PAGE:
Click on the above icons for various field pictures.
Side profile illustration of the different layers of a septic tank.
This is a good representation of heavy sludge in a tank. The only way to clean this is by pumping.
Cleaning a septic tank is a very important factor to the overall longevity of septic system. Over time, the solids in the waste system will build up in the form of sludge on the bottom of a septic tank.
Depending on a household size and usage, the recommended cleaning schedule is usually between 4-7 years.
As the sludge builds up, it takes available space in the tank away from water. As the amount of water in the tank shrinks, its ability to break down newly introduced solids is reduced.
When the solids are not breaking down properly, the chances of introducing sludge and solids into the lateral system and causing a stoppage is greatly increased.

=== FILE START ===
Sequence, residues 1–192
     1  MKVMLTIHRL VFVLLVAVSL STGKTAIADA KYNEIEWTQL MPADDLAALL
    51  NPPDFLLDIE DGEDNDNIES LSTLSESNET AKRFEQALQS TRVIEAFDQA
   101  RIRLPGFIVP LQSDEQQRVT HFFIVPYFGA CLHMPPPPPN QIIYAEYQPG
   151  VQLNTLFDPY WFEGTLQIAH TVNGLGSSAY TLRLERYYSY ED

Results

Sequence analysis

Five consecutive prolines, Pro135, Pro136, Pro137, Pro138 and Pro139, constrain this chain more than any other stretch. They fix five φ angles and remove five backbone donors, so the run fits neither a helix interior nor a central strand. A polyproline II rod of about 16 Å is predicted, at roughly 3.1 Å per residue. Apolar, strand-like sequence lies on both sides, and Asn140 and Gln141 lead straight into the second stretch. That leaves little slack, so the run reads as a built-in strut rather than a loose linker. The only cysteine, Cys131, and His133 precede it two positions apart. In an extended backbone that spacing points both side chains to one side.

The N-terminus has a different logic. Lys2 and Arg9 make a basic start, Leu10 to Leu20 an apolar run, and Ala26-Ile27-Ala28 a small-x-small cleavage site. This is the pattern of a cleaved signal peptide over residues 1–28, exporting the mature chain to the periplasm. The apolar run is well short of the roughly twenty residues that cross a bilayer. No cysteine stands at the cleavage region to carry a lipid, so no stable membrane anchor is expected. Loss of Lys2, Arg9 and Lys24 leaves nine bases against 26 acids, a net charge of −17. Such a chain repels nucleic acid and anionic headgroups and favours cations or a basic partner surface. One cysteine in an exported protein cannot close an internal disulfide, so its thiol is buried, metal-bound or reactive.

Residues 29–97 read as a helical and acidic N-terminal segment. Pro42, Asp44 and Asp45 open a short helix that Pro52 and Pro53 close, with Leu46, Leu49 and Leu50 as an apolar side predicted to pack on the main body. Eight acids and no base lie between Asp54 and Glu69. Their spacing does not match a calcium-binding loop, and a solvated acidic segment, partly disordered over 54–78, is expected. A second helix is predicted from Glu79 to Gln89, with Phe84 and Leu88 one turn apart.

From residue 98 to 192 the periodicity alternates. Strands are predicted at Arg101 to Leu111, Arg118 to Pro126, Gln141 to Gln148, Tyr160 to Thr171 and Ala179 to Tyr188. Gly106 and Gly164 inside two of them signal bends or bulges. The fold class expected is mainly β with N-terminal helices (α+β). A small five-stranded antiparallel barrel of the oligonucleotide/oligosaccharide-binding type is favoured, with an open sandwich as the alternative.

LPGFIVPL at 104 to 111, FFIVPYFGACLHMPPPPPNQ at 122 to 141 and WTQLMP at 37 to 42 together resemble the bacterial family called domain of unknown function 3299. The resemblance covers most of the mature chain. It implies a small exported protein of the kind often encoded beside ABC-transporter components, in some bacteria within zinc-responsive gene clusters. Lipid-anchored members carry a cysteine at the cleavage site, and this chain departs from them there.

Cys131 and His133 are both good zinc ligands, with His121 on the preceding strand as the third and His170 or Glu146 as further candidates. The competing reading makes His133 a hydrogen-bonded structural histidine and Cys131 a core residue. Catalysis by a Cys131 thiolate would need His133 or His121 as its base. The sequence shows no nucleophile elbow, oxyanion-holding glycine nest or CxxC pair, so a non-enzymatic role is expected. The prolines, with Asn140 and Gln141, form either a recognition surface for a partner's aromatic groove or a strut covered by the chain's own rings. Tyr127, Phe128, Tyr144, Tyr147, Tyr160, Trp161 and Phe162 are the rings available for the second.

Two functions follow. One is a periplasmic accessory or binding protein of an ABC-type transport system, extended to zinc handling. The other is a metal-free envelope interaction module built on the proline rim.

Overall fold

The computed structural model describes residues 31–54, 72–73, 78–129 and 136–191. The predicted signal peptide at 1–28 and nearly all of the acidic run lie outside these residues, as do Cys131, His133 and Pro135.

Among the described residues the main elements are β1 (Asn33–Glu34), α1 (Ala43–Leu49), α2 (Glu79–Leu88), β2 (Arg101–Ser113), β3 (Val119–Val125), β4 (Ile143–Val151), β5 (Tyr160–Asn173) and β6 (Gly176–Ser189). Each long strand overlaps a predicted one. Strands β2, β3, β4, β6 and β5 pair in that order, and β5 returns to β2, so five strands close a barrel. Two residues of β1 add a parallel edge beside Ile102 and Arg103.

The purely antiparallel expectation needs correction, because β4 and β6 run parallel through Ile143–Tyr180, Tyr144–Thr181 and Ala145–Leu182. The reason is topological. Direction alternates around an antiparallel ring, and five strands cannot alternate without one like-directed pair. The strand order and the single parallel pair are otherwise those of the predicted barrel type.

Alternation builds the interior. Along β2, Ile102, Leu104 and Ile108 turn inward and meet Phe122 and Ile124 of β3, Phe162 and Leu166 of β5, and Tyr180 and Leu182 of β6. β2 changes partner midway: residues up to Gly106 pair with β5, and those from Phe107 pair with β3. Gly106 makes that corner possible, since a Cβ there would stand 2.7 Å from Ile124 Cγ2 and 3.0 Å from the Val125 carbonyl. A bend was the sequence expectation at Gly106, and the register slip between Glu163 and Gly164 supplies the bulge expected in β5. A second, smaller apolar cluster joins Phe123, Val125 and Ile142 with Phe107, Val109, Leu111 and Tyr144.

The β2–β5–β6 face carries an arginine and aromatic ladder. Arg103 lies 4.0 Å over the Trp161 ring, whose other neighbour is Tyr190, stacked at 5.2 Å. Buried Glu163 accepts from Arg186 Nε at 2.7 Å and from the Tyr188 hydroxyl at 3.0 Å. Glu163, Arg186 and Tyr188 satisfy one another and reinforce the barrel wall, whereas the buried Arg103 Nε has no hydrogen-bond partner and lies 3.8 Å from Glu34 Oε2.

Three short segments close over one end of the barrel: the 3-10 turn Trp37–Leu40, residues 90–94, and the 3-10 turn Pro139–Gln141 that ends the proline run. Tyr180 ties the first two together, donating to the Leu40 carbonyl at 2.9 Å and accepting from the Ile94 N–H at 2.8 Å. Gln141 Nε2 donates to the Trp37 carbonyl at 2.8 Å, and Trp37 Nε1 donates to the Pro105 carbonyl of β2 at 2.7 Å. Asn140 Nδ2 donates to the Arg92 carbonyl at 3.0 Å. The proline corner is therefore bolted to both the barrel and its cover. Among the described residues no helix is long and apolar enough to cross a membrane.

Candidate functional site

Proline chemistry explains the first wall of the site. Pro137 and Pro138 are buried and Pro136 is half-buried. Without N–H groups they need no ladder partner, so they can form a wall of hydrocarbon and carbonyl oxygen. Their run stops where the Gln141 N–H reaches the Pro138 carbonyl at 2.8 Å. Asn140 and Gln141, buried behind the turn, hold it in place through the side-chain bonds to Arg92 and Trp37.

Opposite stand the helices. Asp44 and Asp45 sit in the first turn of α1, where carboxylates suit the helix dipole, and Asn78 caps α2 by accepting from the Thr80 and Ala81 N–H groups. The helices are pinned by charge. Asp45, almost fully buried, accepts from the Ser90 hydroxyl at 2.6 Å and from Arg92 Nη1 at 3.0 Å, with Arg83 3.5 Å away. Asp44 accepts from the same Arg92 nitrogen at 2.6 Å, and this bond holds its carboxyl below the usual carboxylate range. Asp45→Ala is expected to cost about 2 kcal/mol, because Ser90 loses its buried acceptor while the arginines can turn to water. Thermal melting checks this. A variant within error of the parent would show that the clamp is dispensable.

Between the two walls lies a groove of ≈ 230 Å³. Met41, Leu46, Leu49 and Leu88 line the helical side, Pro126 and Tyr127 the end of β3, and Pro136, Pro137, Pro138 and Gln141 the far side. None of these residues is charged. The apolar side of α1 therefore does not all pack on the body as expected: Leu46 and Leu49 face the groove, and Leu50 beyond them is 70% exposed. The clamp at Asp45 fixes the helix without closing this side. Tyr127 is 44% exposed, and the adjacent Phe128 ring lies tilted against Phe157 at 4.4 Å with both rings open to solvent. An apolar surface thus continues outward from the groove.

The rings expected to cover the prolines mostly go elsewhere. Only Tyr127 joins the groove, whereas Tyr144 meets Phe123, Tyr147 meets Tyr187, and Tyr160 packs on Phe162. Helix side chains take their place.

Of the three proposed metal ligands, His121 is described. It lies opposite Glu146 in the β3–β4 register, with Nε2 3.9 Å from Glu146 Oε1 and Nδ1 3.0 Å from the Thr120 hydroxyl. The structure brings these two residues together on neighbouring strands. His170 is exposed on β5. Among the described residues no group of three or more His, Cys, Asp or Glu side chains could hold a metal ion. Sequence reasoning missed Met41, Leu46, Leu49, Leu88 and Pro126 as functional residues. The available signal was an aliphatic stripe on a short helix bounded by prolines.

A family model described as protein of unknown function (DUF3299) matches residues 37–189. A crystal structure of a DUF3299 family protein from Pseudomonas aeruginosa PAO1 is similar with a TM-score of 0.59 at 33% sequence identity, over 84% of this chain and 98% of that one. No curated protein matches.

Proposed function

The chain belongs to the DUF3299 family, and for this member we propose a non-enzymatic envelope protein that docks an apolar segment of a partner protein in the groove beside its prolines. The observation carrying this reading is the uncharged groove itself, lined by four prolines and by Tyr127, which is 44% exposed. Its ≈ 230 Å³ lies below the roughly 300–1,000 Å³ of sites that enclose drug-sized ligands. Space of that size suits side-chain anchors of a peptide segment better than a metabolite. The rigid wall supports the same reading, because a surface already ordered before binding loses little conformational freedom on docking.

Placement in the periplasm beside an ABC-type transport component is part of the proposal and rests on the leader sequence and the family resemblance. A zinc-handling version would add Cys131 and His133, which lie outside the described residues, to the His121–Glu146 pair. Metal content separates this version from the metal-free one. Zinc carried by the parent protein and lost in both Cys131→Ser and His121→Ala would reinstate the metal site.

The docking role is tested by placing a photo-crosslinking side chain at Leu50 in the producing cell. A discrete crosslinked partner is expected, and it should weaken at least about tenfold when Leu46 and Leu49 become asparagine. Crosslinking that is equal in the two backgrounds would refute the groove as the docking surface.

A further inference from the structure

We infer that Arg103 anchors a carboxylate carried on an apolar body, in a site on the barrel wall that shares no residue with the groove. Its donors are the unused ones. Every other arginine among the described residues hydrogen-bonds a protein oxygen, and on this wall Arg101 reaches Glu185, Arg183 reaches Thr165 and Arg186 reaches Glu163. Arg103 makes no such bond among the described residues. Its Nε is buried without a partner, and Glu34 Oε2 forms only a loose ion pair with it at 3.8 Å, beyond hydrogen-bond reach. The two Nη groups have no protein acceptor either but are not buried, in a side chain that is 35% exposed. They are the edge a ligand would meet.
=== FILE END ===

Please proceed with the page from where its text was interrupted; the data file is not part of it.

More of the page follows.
Here is an example of a thick scum. This tank , located in Winfield, KS, was so hard, we nearly couldn't shove the hose through it.
Kansas State University Research and Extension put together a great article about the proper maintenance of a septic tank. It can be found by clicking here.
Do you have a hard to reach tank? We can help you solve those problems!
Your septic tank is a watertight concrete, or poly box, usually within 20 feet of your house. This tank collects the solids and scum that flow from your house drainage plumbing. Most tanks have a manhole from which it can be pumped. Grease, oils, and lighter solids rise to the top where they form a layer of scum while heavy solids sink to the bottom. Bacteria, which are naturally present, help decompose and liquify the organic matter. Liquids flow through a pipe from the septic tank into the leach field, from which they pass into the soil.